Speaker’s bio: Dr. Bingchun Meng is Associate Professor and Deputy Head of the Department of Media and Communications at London School of Economics. Associate Professor Bingchun Meng’s research interests include political economy of media industries, communication governance, gender and the media, and comparative media studies. She has published widely on these topic areas on leading international journals. Her book The Politics of Chinese Media: Consensus and Contestation was published by Palgrave in early 2018.

  • Time: 14.00 - 17.00
  • Location: Leicester Innovation Hub, 128 Regent Road, Leicester, LE1 7PA
  • Confirmed speaker: Dr. Bingchun Meng, Associate Professor and Deputy Head of the Department of Media and Communications at LSE

17 May

LeMID seminars with Professor Debby Bogaert

Scottish Senior Clinical Fellow and Honorary Consultant in paediatric infectious disease

  • 12pm-1pm

21 May

Sensory Overload: Join us at the Spirits Bar for a journey through your senses: from smells, to diet, to social media.

22 May

Leicester Prisons Research Network, Disciplinary Capital: Forensic Psychology, Expertise, and Penal Power

June 2019

3 June

The world of business on an Anthropocene Earth

This inaugural public lecture will focus on thought-provoking reflections on the politics of scientific, economic, social, cultural and artistic approaches to the Anthropocene.

Special guest: Professor Bruno Latour

4 June

'Anthropocene: The Human Epoch' premier and discussion panel

Join us for the UK premier of ‘Anthropocene: The Human Epoch’, a documentary critically engaging with the rapidly evolving issues of the current age, and analysing how human-driven activities surrounding capitalist, financial and industrial spheres are inextricably linked to the Earth system and affect the geological fabric.

A cinematic meditation on humanity’s massive reengineering of the planet, Anthropocene: The Human Epoch is a four years in the making feature documentary film from the multiple-award winning team of Jennifer Baichwal, Nicholas de Pencier and Edward Burtynsky; script consulted by Professor Zalasiewicz and Professor Colin.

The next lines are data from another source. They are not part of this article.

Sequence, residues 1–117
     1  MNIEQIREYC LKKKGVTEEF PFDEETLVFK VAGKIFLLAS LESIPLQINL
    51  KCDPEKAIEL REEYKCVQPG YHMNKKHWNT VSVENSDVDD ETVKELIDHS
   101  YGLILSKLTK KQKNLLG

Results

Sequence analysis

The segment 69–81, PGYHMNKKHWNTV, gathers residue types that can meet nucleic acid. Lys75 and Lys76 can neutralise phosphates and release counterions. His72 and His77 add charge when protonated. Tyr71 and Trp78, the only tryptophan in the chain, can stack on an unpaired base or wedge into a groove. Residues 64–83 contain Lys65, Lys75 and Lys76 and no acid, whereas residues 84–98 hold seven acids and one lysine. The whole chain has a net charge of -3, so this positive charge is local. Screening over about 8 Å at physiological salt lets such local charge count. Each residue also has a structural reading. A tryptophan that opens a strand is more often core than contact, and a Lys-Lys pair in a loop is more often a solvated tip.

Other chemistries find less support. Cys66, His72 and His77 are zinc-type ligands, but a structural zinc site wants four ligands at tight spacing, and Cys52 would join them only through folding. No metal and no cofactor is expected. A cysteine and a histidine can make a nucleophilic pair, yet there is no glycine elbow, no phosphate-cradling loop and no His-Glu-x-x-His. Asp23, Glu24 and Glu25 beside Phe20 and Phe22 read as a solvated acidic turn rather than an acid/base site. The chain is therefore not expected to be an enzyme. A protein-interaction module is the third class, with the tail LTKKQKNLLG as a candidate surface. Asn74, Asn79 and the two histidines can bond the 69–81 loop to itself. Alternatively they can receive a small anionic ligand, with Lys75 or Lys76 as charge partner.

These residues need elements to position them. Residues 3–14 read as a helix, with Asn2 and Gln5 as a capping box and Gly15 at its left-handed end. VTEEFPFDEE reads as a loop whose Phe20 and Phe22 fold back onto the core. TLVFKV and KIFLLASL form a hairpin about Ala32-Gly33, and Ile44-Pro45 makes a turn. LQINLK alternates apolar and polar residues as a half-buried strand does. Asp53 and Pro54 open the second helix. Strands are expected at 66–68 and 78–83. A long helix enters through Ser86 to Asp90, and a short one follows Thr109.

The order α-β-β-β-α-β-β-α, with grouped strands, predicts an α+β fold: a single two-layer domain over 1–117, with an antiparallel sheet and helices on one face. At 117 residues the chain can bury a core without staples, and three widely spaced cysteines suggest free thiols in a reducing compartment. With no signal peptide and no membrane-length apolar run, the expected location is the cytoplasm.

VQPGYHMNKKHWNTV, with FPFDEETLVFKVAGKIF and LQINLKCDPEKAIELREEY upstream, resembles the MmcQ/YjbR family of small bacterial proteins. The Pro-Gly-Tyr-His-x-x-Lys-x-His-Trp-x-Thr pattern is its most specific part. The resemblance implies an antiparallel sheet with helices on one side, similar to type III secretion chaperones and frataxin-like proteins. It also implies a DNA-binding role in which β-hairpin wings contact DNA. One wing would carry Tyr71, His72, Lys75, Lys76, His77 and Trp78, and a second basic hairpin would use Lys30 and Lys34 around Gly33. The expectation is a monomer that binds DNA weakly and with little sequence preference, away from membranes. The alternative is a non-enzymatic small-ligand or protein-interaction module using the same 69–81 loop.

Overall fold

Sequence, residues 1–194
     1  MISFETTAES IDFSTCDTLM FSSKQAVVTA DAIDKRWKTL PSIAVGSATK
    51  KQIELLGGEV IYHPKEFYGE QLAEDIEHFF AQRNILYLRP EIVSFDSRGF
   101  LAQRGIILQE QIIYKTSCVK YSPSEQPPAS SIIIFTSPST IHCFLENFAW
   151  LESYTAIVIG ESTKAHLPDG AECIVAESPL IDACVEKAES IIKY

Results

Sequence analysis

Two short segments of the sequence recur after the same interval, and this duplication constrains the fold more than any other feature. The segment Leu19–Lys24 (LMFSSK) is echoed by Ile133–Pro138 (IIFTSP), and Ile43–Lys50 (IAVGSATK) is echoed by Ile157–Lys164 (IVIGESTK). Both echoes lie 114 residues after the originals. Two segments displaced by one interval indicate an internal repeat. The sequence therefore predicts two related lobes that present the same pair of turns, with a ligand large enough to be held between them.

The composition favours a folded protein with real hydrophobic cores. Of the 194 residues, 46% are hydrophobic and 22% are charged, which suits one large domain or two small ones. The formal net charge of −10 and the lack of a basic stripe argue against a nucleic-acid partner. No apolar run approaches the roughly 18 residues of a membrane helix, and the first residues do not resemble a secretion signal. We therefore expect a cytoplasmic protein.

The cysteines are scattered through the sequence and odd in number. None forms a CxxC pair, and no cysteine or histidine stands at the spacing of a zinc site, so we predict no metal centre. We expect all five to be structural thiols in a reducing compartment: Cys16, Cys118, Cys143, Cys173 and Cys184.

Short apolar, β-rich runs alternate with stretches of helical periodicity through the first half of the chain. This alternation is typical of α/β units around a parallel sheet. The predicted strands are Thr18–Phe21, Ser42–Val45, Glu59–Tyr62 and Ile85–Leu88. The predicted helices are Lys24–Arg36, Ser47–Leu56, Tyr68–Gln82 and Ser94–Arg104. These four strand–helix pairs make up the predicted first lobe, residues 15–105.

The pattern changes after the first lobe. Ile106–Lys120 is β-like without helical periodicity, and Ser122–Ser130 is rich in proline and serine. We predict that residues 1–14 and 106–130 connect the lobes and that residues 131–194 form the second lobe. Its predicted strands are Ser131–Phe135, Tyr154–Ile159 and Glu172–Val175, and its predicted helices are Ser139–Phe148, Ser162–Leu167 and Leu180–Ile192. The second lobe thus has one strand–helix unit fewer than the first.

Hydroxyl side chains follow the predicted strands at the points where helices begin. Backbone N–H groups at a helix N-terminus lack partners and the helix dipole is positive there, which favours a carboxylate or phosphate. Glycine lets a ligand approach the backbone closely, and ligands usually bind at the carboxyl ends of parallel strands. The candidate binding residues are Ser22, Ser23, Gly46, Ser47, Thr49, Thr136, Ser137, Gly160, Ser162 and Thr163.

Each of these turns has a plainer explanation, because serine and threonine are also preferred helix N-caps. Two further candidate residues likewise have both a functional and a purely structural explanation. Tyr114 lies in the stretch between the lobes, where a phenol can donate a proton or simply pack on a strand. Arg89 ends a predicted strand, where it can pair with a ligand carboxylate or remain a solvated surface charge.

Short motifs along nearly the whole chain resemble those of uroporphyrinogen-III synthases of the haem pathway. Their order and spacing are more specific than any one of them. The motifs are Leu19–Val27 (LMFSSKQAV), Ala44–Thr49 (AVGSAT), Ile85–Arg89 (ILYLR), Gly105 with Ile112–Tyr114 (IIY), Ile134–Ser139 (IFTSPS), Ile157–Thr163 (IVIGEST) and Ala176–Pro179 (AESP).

Panel discussion and refreshments following the screening.

 

August 2019

August

Royal Society Science Festival

  • Organised by: Mohammad Mousavi

September 2019

September

Landscaping workshop: Surveying mobility

Organised by: Mohammad Mousavi

October 2019

17 October

Artificial Intelligence and Work with confirmed speakers: Lina Dencik, Juan Grigera, Athina Karatzogianni, Alex Wood, Jamie Woodcock, and Xanthe Whittaker.

  • Date: 17th October
  • Location: TBC.
  • Organised by: Phoebe Moore, Yujie Chen, Torsten Geelan

Artificial Intelligence (AI) augmented tools and applications are becoming increasingly prevalent in contemporary workplaces and work is increasingly impacted by intensified forms of digitalisation. This conference focuses on where and how this is occurring and what is at stake for workers and the labour movement. Workplace decision-making has become increasingly digitalised, and the integration of AI enhanced technologies into human resources (HR) - via people analytics and interview filming, AI augmented robotics including collaborative robots (cobots) and chatbots, the uses of wearable technologies and assistive tablets on the production assembly line, and algorithmic processes in gig work - has created a range of new issues. Panels examine the empirics for where this happening, looking at the philosophical and ethical questions arising and the emergence of new forms of activism and worker representation to raise labour standards, as the employment relationship continues to transform at the behest of technological advances and management practices.

Crick Lectures

Crick Lectures

The Crick Lectures are open to researchers from Leicester through a collaboration formed as part of our Wellcome Trust Institutional Strategic Support Fund (WTISSF).

The lectures are delivered by leading internationally-renowned scientists and aim to be relatively accessible to scientists in other disciplines, while also offering something for the specialist.

Crick Lectures typically take place on Thursdays at 4pm in the auditorium. The Francis Crick Institute is located directly opposite St Pancras Station, London, thus making seminar attendance a relatively easy possibility. We have funding through the ISSF to pay for standard class train travel to get you there and back, if you would otherwise struggle to cover the train fare; contact Anna Harding for further information: aijh1@le.ac.uk